The Fountain of Truth
My ever-so-elegant mother was born in France. Thus, perhaps it’s in my blood to like all things trimmed with ostrich feathers? And so, when I saw a bedazzling-golden-gilded-masquerade mask further embellished by burgundy plumage, I thought there was no better decorative accessory to hang on the bare narrow wall in my office. I couldn’t get back fast enough to hang it up. Yet, all my creative efforts to affix it and angle it so as to maximize its beauty failed-- nails, glue, hooks, all for naught. It didn’t fit and that was it. For the first time in a long time I wasn’t talking to the walls, they were talking to me. But what were they saying? I speak three languages but Sheetrock isn’t one of them. Nonetheless, that blank wall, at which I often stare unwittingly when turning away from my blank computer screen and as a reprieve from writer’s block, was demanding something else. Did it even know what or was I supposed to know? Three days later, with great ease I hung upon my narrow wall in vertical fashion, the antidote to the mask and all its duplicitous implications--three 12X12 paintings each bearing a bold Hebrew letter Aleph, Mem & Tav. Together they spell the word emet /“truth.” My wall seems very happy now, my soul too, my wallet not so much. But I have learned long ago that in the long run the price of truth is cheaper than its competitors and very often recompensed beyond measure.
The problem with most of us is that we are seduced and charmed by masks and false veneers, even our own. They seem easier to wear when interfacing with the world and even with ourselves. It’s ironic that Moses used to wear a mask to temper the light and Godliness that emanated from his face and we wear figurative masks to hide the lies and darkness of who we are. We hide behind our titles, money, fashion labels, and some even behind religious garb. Truth takes a lot of guts, both to dish it out and to receive it. We’ve heard it said, “The truth hurts.” Like the famous line in the movie A Few Good Men: “You can’t handle the truth.” But then our lives are beset with problems and we turn to God and ask, “Why is this happening to me?” We can tolerate the truth only when life hurts more than the truth. When our tears burn like acid.
Truth involves accountability. It involves the whole story, A-Z, not just the details you want to include. And that is why the three-letter word for truth in Hebrew is comprised of the very first, the middle and the very last letter of the Aleph Bet. It is ALL encompassing. The truth, unlike me, does not need an editor to polish it up and to cut out extraneous words. And so, we see in this week’s Torah reading how Joseph’s brothers who seemed to live without much conscience all those years for having sold their brother, only dared to face the truth when they had terrible troubles of their own. The truth was not extraneous to them, it was in them. “They said one to another: Indeed, we’re guilty concerning our brother in that we saw the anguish of his soul when he entreated us and we would not hear; therefore is this anguish come upon us.”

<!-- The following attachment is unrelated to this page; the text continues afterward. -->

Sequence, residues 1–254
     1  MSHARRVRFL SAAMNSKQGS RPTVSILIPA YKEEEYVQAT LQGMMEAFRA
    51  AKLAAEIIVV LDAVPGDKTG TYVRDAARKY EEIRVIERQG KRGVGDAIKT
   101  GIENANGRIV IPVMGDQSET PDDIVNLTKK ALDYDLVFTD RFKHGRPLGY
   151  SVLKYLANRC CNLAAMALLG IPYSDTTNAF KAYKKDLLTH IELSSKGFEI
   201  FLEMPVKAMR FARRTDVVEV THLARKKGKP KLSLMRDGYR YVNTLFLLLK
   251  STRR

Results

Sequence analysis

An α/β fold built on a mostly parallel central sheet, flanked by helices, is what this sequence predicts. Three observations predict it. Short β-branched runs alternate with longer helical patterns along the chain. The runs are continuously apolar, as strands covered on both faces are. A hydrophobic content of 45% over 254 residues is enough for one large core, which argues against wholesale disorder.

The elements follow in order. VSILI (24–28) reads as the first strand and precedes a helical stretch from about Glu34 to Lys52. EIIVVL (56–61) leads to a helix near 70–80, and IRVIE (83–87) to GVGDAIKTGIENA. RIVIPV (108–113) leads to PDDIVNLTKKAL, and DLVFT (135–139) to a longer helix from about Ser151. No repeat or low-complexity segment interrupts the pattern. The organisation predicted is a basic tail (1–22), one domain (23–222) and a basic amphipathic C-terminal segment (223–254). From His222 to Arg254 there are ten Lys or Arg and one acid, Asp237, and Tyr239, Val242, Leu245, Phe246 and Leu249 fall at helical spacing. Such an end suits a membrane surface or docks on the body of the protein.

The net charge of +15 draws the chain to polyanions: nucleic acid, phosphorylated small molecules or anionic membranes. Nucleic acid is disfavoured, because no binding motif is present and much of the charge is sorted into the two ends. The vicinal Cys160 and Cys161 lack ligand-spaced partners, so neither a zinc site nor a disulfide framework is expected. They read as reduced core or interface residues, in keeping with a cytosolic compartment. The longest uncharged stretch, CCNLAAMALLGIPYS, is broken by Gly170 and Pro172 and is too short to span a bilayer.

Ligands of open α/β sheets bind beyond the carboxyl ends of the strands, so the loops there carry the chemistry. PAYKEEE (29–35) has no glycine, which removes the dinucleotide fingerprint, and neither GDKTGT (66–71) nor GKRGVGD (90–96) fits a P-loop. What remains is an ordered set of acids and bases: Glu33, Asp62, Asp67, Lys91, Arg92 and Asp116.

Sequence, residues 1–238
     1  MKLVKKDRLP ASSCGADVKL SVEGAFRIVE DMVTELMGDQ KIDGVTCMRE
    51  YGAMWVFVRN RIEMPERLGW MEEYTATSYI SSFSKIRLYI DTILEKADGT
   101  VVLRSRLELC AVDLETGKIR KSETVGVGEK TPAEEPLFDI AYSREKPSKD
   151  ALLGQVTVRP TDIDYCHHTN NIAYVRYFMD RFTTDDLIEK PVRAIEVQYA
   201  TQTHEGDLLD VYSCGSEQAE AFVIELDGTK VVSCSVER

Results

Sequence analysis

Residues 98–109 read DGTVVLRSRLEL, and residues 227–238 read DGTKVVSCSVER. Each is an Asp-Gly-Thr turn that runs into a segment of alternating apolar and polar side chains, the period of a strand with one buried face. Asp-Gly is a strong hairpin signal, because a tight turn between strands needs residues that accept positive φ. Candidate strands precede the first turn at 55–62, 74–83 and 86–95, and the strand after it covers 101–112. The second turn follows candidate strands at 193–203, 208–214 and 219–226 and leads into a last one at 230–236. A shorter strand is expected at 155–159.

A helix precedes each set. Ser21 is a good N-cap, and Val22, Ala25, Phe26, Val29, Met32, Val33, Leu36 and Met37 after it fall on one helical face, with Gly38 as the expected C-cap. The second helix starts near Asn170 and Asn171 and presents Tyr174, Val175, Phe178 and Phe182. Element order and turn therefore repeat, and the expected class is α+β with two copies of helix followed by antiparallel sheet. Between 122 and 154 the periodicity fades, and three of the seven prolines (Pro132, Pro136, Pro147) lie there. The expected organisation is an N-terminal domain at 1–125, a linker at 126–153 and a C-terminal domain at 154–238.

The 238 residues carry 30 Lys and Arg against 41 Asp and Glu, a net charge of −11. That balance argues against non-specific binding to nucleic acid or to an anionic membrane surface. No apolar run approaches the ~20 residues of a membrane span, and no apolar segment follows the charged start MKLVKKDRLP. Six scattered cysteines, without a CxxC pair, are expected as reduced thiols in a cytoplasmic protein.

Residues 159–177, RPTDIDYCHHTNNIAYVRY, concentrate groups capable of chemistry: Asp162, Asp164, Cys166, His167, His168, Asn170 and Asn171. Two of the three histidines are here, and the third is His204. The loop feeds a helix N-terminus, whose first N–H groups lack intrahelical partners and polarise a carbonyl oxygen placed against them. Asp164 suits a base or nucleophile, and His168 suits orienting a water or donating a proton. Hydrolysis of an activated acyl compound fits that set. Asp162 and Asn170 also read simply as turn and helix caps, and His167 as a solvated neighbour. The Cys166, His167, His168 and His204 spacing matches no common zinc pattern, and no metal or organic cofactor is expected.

We read in the Torah that Yehuda, Joseph’s brother, buried two sons of his own. Rabbinical exegetes explain that it was punishment for the pain he cast on his own father by his involvement in Joseph’s disappearance. Yet even then, he did not say his misfortunes were a result of his misdeeds. And so, his troubles didn’t cease until he professed culpability along with his brothers. In our own lives too, when we attribute the source of our troubles to everything and everyone instead of pointing the finger at ourselves, our suffering will continue. Firstly, because we will never change, repent or make good. And secondly, because God will keep reminding us through further tribulations. The Talmud says that God hates liars. And something tells me it’s not a good thing when God hates you.
The Hebrew word aval (indeed) which comes before the brothers’ long repressed confession is interesting because it can mean many things. The manner in which they use it is honest and free of excuses: “INDEED we are guilty.” Except this same Hebrew word, aval, also means BUT. Ah, the word “but,” the famous pivot upon which the best excuses swivel: But, I wouldn’t have cheated on her if she lost weight; but I wouldn’t have stolen a few bucks from the petty cash if they paid me more; but I did it because they deserved it. Who said the manufacturing business is dead? We manufacture more excuses every day for the decisions we make than the Chinese manufacture knock-off fake designer wear. We put in a lot of time and effort manufacturing phony, make-believe lives, producing semblances of decency, pi